After dealing with some car problems, we set out again to take in the vast amount of sets that Hopscotch Festival had to offer. After this second day, it’s become clear that Hopscotch is no ordinary festival. Aside from the sprawling venue arrangement (which has become increasingly common), the crowds themselves are different to your general festival crowds. Rather than the roving masses of the unwashed in pursuit of sex, drugs and rock and roll, Hopscotch attendees seem solely transfixed on the tunes. Whether reverent for the solemn acts or energetic for those that demanded it, crowds were by and large respectful (except for you, girl that kept yelling for “Car” during Built to Spill’s set, stop doing that).
I never got the chance to see The Books live. It’s not like they were touring monsters, but they played enough shows that I definitely should’ve taken the chance to catch them before their swan song. Alas, I didn’t so this year’s announcement that they were calling it quits was particularly saddening. Their dissolution might’ve been a bit more depressing if not for Zammuto rising from the ashes. Finally catching a full set from that latter band, was enough to partially stay the bad feelings associated with missing out on one of your favorites–forever. The setlist, expectedly, drew nearly entirely from Zammuto’s self-titled record from earlier this year, with the notable exception of “Classy Penguin”. Material both new and old functioned well with muscular bass playing and a generally fleshed out live sound, including some incredibly nimble drumming courtesy of Sean Dixon. “Zebra Butt”’s playful computer sound samples and the childlike instructional video enthusiasm of “The Greatest Autoharp Solo of All Time” showed a group of immensely talented musicians kicking back with a smile on a stage that would soon house some of the greatest bands of all time. They seemed more than grateful to be there and put on an inviting, intriguing set for those that chose to find their way out early. Zammuto mentioned that they usually perform with the accompaniment of a projection screen, but it wasn’t sorely missed. Seeing such incredible musicians have so much fun on stage was certainly enough.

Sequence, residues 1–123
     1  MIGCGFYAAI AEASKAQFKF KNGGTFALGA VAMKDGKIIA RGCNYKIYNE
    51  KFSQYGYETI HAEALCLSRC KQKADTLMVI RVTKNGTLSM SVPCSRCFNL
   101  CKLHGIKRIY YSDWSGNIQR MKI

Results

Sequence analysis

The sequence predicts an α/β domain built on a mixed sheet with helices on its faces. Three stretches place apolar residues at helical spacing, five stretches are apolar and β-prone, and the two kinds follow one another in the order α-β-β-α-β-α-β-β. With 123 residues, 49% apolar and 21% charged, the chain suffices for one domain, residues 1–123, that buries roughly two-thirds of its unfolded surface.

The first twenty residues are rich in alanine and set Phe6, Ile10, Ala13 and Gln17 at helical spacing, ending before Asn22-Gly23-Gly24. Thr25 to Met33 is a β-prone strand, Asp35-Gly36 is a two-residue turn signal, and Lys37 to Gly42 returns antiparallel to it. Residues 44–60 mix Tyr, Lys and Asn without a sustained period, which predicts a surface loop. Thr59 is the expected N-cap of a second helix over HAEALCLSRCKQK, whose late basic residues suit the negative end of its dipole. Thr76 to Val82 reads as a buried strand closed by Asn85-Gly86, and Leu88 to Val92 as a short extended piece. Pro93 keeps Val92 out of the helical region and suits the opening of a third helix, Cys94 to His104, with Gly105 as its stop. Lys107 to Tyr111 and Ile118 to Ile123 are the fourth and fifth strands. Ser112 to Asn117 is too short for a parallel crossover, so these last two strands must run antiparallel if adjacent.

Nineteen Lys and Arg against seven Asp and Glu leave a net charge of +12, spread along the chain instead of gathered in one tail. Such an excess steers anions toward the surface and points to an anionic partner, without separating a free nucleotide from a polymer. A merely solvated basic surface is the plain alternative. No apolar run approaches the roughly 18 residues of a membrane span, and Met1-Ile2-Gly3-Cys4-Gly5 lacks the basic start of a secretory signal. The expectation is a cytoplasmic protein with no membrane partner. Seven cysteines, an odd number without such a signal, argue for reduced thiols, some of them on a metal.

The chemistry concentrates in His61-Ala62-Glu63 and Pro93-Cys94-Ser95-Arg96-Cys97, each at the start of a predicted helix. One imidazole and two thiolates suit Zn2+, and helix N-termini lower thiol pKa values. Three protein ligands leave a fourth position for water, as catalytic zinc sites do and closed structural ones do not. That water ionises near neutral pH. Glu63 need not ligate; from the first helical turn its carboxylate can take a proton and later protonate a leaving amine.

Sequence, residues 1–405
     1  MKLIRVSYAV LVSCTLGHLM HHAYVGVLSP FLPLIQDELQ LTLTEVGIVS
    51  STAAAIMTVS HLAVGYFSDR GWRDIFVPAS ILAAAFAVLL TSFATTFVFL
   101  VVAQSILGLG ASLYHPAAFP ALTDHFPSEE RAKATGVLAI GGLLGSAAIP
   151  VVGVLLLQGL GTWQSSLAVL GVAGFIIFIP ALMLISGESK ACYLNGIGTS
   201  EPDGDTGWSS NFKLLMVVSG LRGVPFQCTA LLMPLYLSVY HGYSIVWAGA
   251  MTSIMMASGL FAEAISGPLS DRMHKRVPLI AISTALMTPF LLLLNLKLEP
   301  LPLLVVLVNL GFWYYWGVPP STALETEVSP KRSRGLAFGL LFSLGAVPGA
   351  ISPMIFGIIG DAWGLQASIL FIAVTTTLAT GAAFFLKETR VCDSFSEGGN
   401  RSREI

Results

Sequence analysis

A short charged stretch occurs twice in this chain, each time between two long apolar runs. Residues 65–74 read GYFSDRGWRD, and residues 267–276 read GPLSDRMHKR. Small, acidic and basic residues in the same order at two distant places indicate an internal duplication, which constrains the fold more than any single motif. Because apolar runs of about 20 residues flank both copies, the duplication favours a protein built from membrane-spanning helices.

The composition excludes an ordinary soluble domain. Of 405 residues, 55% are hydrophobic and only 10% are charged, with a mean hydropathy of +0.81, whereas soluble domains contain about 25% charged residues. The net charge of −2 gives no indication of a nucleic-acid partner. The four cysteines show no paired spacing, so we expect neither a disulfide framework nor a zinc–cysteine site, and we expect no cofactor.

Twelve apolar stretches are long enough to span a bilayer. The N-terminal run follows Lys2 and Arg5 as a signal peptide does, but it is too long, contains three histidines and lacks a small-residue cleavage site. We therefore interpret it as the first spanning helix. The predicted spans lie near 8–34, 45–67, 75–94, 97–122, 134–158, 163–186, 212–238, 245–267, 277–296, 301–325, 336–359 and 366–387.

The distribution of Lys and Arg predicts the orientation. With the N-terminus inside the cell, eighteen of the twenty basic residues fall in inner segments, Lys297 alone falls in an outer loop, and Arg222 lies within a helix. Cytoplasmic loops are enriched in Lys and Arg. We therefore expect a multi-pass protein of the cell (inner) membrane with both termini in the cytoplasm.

Built To Spill
It’s pretty much inevitable that a band with a catalog as storied and diverse as Built To Spill is going to draw some song requesting hecklers, but there was one girl who outdid them all. Yelling for singles all night and squealing in utter joy when Doug Martsch and friends deigned to play them is an, uhh, interesting way to go about seeing one of your favorite bands, but you can’t blame the girl really. I mean, the opening strums of “Else”, the fuzz-laden solos on “Gone”, the immortal opening lines to “Car”, there were so many moments that reduced me to the same puddle of squealing nonsense. These dudes are absolute rockstars, even in their rapidly advancing years, the staying power of the tracks from these earlier albums (and even up through the tracks drawn from You In Reverse) is apparent when a crowd of North Carolinians is shouting along every word. Doug Martsch thanked the crowd after nearly every song, but it was they who needed thanking. Though just a random festival set, it had all the feel of a celebration of their storied 20+ year career. If this is what they can do on a given night, it’s no wonder they’re held in such high esteem.
Jesus and Mary Chain